Minnesota OSHA Workplace Safety Consultation (WSC) is working to create Web pages that will showcase the ergonomics best-practices of employers throughout the state at The pages show examples of inventive ways employers and employees are working to reduce the risks of musculoskeletal injuries in the workplace. Currently, there is no specific Minnesota or federal ergonomics regulation; however, employers have an obligation to correct recognized ergonomics hazards causing or likely to cause injury to employees. The best-practices ideas featured online can help other facilities accomplish this obligation by providing examples from other worksites, which may also help generate ideas for reducing risk-factors in other work tasks.
Submit your company's ergonomics best-practices ideas

Health care industry

WSC welcomes submission of best-practices ideas for inclusion on these Web pages. If submitting ideas, include as much of the following information as possible, with photographs that illustrate the idea (before and after, if possible): • type of industry; • general description of the work task and work area; • description of the task requirements prior to the change; • body part(s) most affected; • description of the ergonomics best-practice intervention; • description of the task requirements after the change; • risk-factors eliminated; • employee testimonials; • injury-reduction data; and • return-on-investment data.
For more information

Residents can be easily positioned during daily care activities.

Manufacturing industry

For more information or to submit ideas, contact Dave Ferkul, Workplace Safety Consultation, by phone at (218) 733-7832 or by e-mail at
Safety Lines 16

Use of a motorized cart or “tug” has eliminated the unnecessary risks associated with transporting computer mainframes to a raised-floor testing lab.
Fall 2006

Best of the worst: photos from the Minnesota OSHA files
Each year, MNOSHA investigators witness and photograph hundreds of safety and health hazards in their efforts to keep Minnesota workers safe. The investigators have pulled together a collection of the photos – a "best of the worst" – from incidents in 2004 and 2005, where no one was injured and the employer was instructed to correct the hazards. The collection of photos is available at www.doli. Information about how investigations are conducted is available online at
Above: Two MNOSHA investigators are recognized for their photos of hazardous situations, judged "best of the worst" and "best of the worst, runner up." L to R: Gary Anderson with his "best of the worst" photo; Jim Krueger, metro safety director; Tom Joachim, assistant commissioner, Safety Codes and Services Division; Karen Hilts with her "best of the worst, runner up" photo; Clayton Handt, health supervisor; and Jeff Isakson, MNOSHA administrative director. At left: Gary Anderson's photo of a hazardous situation was judged "best of the worst." In the photo, an employee is pouring molten metal into a bull ladle.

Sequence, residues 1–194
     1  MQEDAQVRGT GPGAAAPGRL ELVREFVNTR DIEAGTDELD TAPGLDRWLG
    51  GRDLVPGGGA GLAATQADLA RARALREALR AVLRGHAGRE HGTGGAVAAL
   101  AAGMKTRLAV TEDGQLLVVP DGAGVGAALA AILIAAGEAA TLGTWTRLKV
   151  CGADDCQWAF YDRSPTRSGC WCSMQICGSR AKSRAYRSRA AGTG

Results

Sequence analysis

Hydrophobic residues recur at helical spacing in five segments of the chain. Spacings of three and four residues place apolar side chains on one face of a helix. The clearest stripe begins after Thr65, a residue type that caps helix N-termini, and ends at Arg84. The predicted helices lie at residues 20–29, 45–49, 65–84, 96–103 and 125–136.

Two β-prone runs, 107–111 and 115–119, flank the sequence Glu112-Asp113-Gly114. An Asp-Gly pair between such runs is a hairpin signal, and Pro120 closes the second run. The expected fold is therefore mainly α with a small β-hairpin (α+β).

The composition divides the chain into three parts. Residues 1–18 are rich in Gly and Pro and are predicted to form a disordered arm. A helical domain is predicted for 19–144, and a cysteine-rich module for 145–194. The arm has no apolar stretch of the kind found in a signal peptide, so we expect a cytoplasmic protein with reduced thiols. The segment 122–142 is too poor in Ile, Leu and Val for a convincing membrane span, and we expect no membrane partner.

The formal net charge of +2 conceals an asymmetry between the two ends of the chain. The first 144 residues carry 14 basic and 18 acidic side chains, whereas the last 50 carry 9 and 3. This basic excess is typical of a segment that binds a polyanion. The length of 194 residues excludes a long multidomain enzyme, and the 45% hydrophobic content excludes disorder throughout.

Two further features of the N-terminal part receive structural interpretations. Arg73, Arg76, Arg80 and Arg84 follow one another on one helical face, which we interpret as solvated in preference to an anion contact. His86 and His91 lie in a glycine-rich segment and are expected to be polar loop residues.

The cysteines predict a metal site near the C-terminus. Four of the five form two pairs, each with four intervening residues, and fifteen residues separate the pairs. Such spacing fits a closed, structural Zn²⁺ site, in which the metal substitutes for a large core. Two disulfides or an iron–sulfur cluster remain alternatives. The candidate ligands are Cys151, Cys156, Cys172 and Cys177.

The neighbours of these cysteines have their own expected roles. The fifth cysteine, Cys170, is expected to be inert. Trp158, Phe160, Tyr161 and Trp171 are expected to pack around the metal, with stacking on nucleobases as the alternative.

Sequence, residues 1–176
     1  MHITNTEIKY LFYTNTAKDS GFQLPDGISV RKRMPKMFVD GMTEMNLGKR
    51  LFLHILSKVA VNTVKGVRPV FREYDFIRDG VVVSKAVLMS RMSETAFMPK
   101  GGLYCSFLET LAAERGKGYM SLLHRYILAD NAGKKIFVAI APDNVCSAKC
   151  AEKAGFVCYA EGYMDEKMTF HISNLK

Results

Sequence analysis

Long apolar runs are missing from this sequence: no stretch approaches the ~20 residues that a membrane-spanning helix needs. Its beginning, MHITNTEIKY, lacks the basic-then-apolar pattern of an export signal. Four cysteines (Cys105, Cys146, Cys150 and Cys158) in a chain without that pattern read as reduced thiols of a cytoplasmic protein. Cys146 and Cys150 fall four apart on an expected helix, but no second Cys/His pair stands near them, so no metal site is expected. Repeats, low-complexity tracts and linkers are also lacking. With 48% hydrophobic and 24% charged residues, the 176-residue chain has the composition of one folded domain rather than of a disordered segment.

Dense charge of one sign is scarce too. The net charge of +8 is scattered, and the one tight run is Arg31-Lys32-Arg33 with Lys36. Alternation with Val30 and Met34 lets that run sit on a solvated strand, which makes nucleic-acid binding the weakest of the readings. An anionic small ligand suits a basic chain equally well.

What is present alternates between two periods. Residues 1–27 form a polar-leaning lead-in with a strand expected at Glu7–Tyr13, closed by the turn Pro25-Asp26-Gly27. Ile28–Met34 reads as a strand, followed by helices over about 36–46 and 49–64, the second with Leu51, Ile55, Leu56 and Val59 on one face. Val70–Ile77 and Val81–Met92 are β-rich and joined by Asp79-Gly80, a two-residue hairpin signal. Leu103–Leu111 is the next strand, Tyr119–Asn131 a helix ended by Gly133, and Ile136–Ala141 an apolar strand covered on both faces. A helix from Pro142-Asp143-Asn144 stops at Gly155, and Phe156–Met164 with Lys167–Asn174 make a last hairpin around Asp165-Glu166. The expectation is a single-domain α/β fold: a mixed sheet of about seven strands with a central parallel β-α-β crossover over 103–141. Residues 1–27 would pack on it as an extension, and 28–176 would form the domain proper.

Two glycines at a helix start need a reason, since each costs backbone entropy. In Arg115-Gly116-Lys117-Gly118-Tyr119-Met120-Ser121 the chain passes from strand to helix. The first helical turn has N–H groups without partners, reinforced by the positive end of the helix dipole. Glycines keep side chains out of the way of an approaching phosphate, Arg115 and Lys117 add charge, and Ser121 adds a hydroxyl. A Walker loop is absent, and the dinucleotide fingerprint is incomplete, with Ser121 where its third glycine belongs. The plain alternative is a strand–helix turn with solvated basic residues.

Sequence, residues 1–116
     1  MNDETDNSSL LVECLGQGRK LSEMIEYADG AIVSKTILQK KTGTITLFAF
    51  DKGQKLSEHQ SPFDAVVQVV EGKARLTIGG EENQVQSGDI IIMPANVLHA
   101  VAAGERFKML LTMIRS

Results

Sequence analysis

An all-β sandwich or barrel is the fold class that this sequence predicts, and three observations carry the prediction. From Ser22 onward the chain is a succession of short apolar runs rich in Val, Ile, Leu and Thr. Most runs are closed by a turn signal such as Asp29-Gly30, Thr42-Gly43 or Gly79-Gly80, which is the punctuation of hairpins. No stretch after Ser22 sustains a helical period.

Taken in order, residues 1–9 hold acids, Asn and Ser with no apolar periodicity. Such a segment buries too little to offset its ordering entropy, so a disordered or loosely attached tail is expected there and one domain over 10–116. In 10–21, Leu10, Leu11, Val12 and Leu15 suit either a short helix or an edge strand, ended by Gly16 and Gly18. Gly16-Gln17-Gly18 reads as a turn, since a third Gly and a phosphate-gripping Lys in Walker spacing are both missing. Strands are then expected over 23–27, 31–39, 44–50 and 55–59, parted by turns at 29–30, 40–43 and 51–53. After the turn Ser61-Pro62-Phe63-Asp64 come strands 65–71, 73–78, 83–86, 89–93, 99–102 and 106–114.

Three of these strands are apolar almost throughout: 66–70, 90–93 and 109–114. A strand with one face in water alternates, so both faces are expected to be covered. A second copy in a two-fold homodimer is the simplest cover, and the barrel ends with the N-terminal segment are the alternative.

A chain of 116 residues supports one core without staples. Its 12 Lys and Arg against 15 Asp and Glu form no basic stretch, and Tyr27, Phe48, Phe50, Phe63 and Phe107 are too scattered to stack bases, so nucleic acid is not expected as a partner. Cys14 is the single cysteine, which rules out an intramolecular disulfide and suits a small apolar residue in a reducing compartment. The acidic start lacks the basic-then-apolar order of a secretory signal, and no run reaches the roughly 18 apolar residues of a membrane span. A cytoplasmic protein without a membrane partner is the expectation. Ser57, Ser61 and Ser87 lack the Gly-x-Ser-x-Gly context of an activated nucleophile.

Minnesota OSHA again coordinates national publication highlighting state-plan safety, health efforts
The new edition of GRASSROOTS Workplace Protection, an annual publication developed in cooperation with federal OSHA and the Occupational Safety and Health State Plan Association (OSHSPA) to highlight areas where OSHA state-plan states are unique from federal OSHA, has just been released. There are 26 state-plan jurisdictions that have been approved by federal OSHA to run their own occupational safety and health programs. By law, these states must have programs that are at least as effective as federal OSHA. The most recent edition of GRASSROOTS Workplace Protection describes innovative approaches to workplace security, customer service, enforcement emphasis in high-risk worksites, technology and voluntary compliance that have been developed by the states. OSHSPA links the 26 state-plan jurisdictions, federal OSHA and Congress. At meetings three times a year, state-program representatives share information and discuss common problems. The Minnesota Department of Labor and Industry coordinated the GRASSROOTS publication for federal fiscalyears 2005 and 2004. Visit for the current and past editions of the annual OSHSPA report.
Safety Lines 17 Fall 2006









Workplace Protection
2005 OSHSPA Report
State-plan activities of the Occupational Safety and Health State Plan Association